But as some workers ordinarily use multiple screens, or require access to large quantities of confidential data, the switch to home working might have presented some more challenges. Businesses should therefore ensure their staff have all they need to get on with their work as usual, whether this is a high-speed laptop, or something as simple as a comfortable desk chair.
One such resource that businesses should not forget is adequate cybersecurity software. Even at the best of times, data breaches are a key concern for organisations with access to high volumes of sensitive data, and robust cybersecurity is required to mitigate any risks. But with staff now accessing their work from home, via different connections and potentially on different devices, these concerns will be compounded. Businesses must therefore take the all of the necessary precautions to avoid any compromised data.
As things currently stand, it seems like many companies have overlooked this all-important factor. Indeed, a recent study has revealed that almost half (48%) of UK businesses acknowledge that they do not have adequate cybersecurity structures in place to facilitate remote working permanently. And as data breaches cost UK businesses an estimated £2.48 million per instance, companies would do well to invest in this technology to avoid costly consequences in the future.
Importantly, however, it is not just a matter of paying for the right tech. When deliberating over a permanent move to home-working, businesses will inevitably incur other costs so that their staff can work from home safely and efficiently, such as investing in home-office furniture, remote IT support, and even couriers to deliver equipment. It is therefore vital organisations ensure they have the necessary funds to do so.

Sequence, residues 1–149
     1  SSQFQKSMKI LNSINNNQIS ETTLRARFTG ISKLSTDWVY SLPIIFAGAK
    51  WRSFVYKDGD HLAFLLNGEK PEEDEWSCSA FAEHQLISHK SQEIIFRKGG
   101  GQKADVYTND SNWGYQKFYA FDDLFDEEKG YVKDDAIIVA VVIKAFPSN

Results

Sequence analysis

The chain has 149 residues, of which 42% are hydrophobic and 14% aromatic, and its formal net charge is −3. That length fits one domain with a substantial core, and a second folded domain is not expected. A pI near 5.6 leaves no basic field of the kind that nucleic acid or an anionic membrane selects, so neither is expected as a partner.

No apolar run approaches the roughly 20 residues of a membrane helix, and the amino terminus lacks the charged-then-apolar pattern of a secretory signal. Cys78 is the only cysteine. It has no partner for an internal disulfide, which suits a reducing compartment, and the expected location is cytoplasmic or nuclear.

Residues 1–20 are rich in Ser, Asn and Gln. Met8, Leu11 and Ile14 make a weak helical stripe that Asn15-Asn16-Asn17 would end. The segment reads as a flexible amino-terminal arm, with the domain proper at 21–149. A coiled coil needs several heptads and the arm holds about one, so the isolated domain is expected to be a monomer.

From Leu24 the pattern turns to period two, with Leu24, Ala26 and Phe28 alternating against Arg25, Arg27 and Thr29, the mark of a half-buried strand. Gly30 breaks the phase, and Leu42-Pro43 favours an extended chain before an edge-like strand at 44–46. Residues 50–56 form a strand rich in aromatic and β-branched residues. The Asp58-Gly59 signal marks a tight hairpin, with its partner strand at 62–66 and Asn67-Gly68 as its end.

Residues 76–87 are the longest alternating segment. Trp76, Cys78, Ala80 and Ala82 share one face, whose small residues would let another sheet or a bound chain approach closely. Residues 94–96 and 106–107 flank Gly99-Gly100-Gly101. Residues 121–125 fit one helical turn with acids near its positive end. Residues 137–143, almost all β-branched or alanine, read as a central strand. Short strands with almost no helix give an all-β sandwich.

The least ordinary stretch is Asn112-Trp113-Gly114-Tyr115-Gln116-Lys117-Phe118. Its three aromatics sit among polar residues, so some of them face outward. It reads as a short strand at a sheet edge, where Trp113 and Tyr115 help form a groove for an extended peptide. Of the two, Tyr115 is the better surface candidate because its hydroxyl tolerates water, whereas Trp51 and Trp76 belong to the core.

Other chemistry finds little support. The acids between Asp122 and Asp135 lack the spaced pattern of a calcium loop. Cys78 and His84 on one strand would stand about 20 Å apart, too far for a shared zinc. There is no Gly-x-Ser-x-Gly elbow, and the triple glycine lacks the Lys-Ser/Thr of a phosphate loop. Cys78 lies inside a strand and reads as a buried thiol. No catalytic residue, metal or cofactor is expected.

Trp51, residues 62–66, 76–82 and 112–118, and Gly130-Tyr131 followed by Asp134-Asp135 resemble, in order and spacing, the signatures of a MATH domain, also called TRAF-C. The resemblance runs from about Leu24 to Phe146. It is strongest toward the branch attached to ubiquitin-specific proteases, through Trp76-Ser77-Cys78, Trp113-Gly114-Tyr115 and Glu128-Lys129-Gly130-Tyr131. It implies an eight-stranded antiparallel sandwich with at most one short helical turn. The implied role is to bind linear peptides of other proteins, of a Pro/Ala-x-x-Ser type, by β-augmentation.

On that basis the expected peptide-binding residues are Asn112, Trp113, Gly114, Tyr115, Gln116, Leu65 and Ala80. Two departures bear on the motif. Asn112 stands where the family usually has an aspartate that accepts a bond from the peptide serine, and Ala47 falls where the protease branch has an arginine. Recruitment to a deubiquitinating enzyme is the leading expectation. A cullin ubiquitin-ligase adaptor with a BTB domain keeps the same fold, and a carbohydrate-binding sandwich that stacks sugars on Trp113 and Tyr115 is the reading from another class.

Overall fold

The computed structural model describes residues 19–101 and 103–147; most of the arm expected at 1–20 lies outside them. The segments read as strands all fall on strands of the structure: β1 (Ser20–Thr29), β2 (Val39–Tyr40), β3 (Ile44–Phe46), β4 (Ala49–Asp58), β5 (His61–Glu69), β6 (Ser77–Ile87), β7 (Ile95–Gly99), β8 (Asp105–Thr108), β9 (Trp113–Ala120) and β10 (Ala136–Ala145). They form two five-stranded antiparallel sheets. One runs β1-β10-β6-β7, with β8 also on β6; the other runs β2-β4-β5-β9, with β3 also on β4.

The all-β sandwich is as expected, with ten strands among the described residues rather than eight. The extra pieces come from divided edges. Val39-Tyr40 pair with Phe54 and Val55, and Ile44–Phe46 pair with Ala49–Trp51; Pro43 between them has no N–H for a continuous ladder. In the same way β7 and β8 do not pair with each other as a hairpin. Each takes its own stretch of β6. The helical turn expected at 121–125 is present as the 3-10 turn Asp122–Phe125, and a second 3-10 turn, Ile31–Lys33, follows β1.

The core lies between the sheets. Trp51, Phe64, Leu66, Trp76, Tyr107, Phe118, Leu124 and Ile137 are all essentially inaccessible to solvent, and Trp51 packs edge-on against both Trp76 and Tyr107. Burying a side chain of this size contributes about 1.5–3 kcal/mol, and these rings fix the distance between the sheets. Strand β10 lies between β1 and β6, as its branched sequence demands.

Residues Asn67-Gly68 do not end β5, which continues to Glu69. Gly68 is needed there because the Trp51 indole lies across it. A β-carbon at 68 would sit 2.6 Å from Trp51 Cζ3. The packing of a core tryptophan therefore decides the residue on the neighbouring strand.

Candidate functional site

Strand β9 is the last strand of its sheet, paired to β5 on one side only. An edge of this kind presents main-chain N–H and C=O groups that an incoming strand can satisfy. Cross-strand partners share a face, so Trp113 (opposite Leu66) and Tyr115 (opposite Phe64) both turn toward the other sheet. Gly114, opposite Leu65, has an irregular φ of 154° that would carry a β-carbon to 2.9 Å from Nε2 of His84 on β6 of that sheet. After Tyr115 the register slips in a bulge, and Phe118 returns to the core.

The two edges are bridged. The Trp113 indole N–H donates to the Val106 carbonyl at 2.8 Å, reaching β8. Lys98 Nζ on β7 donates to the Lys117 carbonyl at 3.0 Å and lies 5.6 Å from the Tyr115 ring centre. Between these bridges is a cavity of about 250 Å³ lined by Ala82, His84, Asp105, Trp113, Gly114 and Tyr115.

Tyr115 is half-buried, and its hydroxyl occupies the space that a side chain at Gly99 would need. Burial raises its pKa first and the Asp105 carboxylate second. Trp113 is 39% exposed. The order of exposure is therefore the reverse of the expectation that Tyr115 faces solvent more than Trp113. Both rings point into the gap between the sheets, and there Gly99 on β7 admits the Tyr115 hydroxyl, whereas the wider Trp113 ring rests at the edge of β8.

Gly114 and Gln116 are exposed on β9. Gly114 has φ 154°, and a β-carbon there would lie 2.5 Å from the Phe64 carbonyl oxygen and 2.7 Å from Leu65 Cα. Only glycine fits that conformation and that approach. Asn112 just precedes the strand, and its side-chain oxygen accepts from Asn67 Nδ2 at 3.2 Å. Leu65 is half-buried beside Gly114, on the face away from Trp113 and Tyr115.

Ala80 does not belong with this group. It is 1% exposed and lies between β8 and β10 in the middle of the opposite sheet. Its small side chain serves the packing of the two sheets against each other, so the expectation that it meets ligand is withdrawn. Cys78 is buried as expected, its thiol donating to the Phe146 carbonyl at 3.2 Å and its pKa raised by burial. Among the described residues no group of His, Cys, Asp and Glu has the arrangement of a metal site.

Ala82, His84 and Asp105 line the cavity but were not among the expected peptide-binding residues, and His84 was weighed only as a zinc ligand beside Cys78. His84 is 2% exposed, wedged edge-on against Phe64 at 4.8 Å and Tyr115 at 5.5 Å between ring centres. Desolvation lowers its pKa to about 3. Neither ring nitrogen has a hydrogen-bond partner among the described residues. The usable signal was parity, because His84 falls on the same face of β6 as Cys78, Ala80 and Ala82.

Safeguarding staff welfare
With all of this in mind, it is safe to say that for some companies, the switch to remote working will be more costly than expected. But financial implications to one side, businesses should also dedicate the same care and diligence when considering the welfare of their staff.
For many, the move to working from home has presented a welcome change, offering additional flexibility and refuge from the stress of the daily commute. Understandably, though, some employees will be reluctant to make work a permanent presence in their homes, or they might miss the collaborative office environment. Every employee is different, and naturally, some members of staff will struggle with the prospect of making remote working a permanent fixture.
Image by judyback from Pixabay
Perhaps unsurprisingly, a recent survey revealed that over one in five (22%) employees working from home struggle to “switch off” at the end of the day. A further 19% struggle with feelings of loneliness while working from home, while 17% miss interacting with their colleagues.
There are a number of measures businesses can put in place to help mitigate feelings of isolation and ensure staff remain connected. For example, managers would do well to check in regularly to see if their staff are coping well, allowing them to raise any concerns, or organise team socials in order to boost morale. Whatever businesses decide, the wellness of their staff should be top of their list of concerns.
Weighing up choices
Ultimately, virtually all businesses have made drastic changes during the pandemic – whether these remain a permanent fixture will vary from company to company. However, many employees and business leaders alike will find the changes refreshing, offering some much-needed relief on both the financial front, and in terms of their work-life balance.
Managing this kind of transition, whether working away from the office full-time or part-time, will take some getting used to and will have a major impact on business as usual. But as long as business leaders bear all of the options in mind, they will be well placed to overcome the trials presented by the pandemic.
Nic Redfern is Financial Director for Know Your Money, an independent financial comparison website, launched in 2004. Run by a dedicated team, Know Your Money’s goal is to provide clear, accurate and transparent comparisons for a wide range of financial products, such as business loans, mortgages and car insurance.